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VC 31 Give False Information to Peace Officer or Police: Law, Punishment & Defense of CA Vehicle Code Section 31

According to California Vehicle Code 31, “No person shall give, either orally or in writing, information to a peace officer while in the performance of his or her duties… when such person knows that the information is false (VC 31 Abbrev.).


In essence, providing false information to a law enforcement officer is a crime under various California codes sections, including VC 31 [Give False Information to a Peace Officer], VC 20 [Provide False Information to CHP Officer], PC 148(a) [Delaying a Peace Officer’s Investigation], PC 148.5 [Filing a False Police Report], and more.


Example: Maria is pulled over by officer Dan. Maria is on probation for DUI and she has been drinking alcohol when officer Dan pulls her over. To avoid a violation of probation, Maria gives officer Dan a false name and Maria claims that she forgot her license at home. Result: Maria may be charged with any of the following crimes:


VC 31 [Give False Information to a Peace Officer],


VC 12951 [Driving Without a License in Possession],


PC 148(a) [Delaying an Officer’s Investigation], and


PC 148.9 [Give False Identification to a Peace Officer].


To prove the defendant is guilty of VC 31, the district attorney must prove, beyond a reasonable doubt, that the defendant 1) gave false information to a peace officer while in the performance of the officer’s duties, and 2) the defendant knew the information was false when it was provided.


Peace Officer Defined: Per VC 31, a “Peace Officer” is any sworn officer, including a sheriff’s department officer, CHP officer, FBI agent, ATF agent, probation officer, transportation officer, and more.


Note: When a person provided false information to a CHP officer, the district attorney will usually charge the more specific crime found at VC 20 [Provide False Information to a CHP Officer or DMV employee].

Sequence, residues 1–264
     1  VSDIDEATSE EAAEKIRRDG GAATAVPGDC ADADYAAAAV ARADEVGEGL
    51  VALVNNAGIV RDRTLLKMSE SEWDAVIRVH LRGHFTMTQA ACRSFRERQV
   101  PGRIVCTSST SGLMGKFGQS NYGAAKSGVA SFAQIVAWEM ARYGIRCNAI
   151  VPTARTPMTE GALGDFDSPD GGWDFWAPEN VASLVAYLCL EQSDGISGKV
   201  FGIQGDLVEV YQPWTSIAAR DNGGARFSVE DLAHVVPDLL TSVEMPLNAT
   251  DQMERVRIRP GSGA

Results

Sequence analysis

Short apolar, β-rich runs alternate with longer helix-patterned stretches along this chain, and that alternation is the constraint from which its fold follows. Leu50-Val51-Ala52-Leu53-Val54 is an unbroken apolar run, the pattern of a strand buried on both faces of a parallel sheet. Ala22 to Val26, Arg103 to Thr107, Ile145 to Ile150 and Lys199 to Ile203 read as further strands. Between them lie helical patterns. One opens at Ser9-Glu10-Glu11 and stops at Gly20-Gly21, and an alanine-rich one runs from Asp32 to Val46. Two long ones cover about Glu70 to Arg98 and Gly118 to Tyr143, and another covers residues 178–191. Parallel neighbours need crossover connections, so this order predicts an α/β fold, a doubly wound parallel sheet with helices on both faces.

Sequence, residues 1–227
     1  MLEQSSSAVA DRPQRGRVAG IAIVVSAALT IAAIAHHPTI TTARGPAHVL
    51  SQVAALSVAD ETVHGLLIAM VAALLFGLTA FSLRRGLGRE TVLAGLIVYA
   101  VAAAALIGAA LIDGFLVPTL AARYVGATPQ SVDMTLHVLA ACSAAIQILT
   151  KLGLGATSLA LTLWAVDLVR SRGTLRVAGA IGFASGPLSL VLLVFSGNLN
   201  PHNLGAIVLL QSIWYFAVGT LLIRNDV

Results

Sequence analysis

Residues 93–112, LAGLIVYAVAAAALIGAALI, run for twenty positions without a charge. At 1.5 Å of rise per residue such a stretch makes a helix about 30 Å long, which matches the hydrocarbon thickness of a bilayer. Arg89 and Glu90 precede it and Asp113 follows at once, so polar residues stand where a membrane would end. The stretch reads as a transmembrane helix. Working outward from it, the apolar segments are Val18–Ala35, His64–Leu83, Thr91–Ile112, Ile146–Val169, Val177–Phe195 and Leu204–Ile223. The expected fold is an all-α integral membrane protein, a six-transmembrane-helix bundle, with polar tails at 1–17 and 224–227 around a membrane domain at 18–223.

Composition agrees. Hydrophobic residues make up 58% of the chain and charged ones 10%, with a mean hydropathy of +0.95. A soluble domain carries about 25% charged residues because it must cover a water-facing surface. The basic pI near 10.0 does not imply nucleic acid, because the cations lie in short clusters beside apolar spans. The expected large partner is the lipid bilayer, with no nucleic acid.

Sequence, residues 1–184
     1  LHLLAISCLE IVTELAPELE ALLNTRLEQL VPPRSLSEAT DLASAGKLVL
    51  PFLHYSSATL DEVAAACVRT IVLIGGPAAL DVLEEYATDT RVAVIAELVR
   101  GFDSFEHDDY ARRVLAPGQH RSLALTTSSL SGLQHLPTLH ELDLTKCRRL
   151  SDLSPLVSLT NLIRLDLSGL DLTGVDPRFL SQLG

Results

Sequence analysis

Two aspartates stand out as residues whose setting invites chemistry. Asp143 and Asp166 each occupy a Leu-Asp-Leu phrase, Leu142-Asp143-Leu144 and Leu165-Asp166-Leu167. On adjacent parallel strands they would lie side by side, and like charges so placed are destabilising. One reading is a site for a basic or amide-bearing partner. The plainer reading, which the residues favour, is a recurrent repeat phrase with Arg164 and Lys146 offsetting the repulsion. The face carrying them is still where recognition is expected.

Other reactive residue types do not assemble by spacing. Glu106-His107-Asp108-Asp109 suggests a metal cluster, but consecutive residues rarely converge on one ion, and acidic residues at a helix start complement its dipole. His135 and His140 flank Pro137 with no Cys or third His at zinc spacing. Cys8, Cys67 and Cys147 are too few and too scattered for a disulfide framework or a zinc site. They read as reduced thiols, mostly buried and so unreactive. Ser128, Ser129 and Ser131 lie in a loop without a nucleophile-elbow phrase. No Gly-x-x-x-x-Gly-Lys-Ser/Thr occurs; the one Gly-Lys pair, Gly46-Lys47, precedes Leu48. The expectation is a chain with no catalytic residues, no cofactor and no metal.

VC 31 Punishment


Jail Sentence: VC 31 is classified as a misdemeanor. If found guilty of VC 31, the defendant could face up to six months in the county jail and up to a $1,000 fine.


Probation Sentence: A probation sentence is a period of supervision, as opposed to a jail sentence. A probation sentence is possible after a vehicle code 31 conviction, but a probation sentence is never guaranteed.


Note: Whether a defendant is granted a probation sentence after a conviction for giving false information to a police officer depends on the facts and circumstances of the case, including the defendant’s criminal history, the level of sophistication of the defendant’s deception, the harm caused to a third person (if any), the amount of delay in the officer investigation, and more.


Work Release: Work release is a type of manual labor that is typically ordered as an alternative to a jail sentence in VC 31 cases. For more information, see Work Release.


Additional Punishment: In addition to a jail or probation sentence, a conviction for VC 31 can lead to severe negative consequences for non-US citizens (immigration consequences), military service personnel, and licensed professionals (i.e., loss of a professional license). For more information, see Immigration Consequences for Criminal Conduct.